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Does Optibase Ltd’s (NASDAQ:OBAS) CEO Salary Reflect Performance?

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Amir Philips took the helm as Optibase Ltd’s (NASDAQ:OBAS) CEO and grew market cap to US$45.89M recently. Understanding how CEOs are incentivised to run and grow their company is an important aspect of investing in a stock. Incentives can be in the form of compensation, which should always be structured in a way that promotes value-creation to shareholders. Today we will assess Philips’s pay and compare this to the company’s performance over the same period, as well as measure it against other US CEOs leading companies of similar size and profitability. See our latest analysis for Optibase

What has been the trend in OBAS’s earnings?

Earnings is a powerful indication of OBAS’s ability to invest shareholders’ funds and generate returns. Therefore I will use earnings as a proxy of Philips’s performance in the past year. In the past year, OBAS produced negative earnings of -US$1.12M , compared to the previous year’s positive earnings. Additionally, OBAS hasn’t always been loss-making, with an average EPS of US$0.13 over the past five years. In the situation of negative earnings, the company may be going through a period of reinvestment and growth, or it can be a signal of some headwind. Regardless, CEO compensation should mirror the current condition of the business. From the latest financial statments, Philips’s total remuneration increased by 23.55% to US$361.00K. Furthermore, Philips’s pay is also made up of 10.25% non-cash elements, which means that variabilities in OBAS’s share price can move the real level of what the CEO actually receives.

NasdaqGM:OBAS Income Statement May 2nd 18
NasdaqGM:OBAS Income Statement May 2nd 18

Is OBAS overpaying the CEO?

Even though no standard benchmark exists, as compensation should account for specific factors of the company and market, we can determine a high-level benchmark to see if OBAS is an outlier. This exercise can help shareholders ask the right question about Philips’s incentive alignment. Generally, a US small-cap has a value of $1B, creates earnings of $96M, and remunerates its CEO circa $2.7M per year. Normally I’d use market cap and profit as factors determining performance, however, OBAS’s negative earnings lower the effectiveness of this method. Looking at the range of compensation for small-cap executives, it seems like Philips is remunerated sensibly relative to peers. On the whole, though OBAS is unprofitable, it seems like the CEO’s pay is sound.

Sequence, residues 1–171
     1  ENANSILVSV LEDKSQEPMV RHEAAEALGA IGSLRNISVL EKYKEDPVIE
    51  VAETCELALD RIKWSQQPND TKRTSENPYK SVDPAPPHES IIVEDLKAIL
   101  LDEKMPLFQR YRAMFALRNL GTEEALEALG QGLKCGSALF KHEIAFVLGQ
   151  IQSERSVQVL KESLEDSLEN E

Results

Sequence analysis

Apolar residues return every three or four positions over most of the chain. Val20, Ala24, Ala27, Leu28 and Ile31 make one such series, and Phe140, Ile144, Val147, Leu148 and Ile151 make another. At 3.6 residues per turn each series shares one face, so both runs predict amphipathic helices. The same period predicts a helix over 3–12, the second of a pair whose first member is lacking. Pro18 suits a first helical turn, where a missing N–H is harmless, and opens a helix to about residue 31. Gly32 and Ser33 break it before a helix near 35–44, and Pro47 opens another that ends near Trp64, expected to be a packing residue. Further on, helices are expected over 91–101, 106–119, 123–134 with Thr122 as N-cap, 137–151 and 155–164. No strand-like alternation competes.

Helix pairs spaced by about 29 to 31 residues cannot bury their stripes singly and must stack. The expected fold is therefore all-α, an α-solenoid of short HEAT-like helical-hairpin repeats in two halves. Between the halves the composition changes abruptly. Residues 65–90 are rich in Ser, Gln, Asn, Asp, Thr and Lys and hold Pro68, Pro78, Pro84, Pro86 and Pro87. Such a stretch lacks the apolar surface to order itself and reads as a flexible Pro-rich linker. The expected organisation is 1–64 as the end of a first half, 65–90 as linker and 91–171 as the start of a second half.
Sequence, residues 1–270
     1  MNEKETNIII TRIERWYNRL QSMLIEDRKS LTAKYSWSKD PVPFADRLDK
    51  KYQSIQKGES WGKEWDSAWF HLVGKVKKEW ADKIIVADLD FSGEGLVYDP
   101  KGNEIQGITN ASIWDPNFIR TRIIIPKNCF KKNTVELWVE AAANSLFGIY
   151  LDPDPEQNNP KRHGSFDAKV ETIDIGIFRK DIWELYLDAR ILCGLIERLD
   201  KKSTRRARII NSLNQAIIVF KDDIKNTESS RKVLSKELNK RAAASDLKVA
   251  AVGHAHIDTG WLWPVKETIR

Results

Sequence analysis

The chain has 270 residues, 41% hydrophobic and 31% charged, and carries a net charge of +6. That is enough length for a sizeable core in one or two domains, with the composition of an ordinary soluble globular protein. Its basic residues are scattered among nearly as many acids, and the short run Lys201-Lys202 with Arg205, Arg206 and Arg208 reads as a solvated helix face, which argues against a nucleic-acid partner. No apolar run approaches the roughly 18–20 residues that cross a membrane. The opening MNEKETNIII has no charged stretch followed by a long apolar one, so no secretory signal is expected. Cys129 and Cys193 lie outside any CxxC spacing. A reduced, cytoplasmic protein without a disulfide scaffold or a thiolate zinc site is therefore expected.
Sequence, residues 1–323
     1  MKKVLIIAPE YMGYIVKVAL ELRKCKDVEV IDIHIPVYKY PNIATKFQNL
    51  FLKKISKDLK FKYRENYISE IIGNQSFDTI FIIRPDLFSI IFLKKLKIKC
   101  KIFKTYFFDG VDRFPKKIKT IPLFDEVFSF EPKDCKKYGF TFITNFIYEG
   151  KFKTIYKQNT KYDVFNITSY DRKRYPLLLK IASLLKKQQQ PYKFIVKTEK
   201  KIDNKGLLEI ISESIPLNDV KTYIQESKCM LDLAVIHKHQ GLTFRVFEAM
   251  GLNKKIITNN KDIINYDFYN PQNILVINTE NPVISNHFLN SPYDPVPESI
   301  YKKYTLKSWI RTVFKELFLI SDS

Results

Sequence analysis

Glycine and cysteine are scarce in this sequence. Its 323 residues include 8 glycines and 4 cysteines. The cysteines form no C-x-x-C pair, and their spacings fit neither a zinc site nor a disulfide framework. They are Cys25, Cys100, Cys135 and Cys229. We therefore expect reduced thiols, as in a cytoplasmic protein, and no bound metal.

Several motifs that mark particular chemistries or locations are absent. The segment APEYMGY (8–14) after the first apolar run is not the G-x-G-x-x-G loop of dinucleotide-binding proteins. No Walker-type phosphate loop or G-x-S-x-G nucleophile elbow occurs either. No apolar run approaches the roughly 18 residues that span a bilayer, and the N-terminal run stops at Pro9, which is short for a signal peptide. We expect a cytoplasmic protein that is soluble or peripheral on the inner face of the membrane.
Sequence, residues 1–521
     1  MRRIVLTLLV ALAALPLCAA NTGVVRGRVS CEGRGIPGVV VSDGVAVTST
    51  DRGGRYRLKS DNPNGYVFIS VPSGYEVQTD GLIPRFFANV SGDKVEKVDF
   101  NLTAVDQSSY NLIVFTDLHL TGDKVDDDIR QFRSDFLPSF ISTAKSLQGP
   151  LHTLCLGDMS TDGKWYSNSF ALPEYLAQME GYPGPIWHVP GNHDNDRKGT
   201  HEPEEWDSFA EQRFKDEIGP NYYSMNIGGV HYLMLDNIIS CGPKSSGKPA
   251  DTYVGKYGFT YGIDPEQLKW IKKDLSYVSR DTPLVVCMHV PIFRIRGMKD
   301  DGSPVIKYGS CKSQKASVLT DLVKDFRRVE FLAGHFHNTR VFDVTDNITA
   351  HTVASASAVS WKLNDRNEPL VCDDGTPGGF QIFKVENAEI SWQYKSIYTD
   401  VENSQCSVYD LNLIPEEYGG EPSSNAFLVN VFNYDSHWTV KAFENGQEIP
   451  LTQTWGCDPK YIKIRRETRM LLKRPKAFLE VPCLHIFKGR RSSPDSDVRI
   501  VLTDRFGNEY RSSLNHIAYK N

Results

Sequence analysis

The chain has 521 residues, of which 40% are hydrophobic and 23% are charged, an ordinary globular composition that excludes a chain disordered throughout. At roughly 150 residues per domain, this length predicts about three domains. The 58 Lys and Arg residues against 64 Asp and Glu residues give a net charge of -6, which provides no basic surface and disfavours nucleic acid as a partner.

Next Steps:

In order to determine whether or not you should invest in OBAS, your thesis should be built on fundamentals. Even though CEO pay isn’t technically a key concern, it could serve as an indication as to how board members align incentives and how they think about setting policies. These issues directly impacts how OBAS makes money, and factors impacting your return on investment. If you have not done so already, I highly recommend you to complete your research by taking a look at the following:

  1. Governance: To find out more about OBAS’s governance, look through our infographic report of the company’s board and management.

  2. Financial Health: Does it have a healthy balance sheet? Take a look at our free balance sheet analysis with six simple checks on key factors like leverage and risk.

  3. Other High-Growth Alternatives: Are there other high-growth stocks you could be holding instead of OBAS? Explore our interactive list of stocks with large growth potential to get an idea of what else is out there you may be missing!


To help readers see pass the short term volatility of the financial market, we aim to bring you a long-term focused research analysis purely driven by fundamental data. Note that our analysis does not factor in the latest price sensitive company announcements.

The author is an independent contributor and at the time of publication had no position in the stocks mentioned.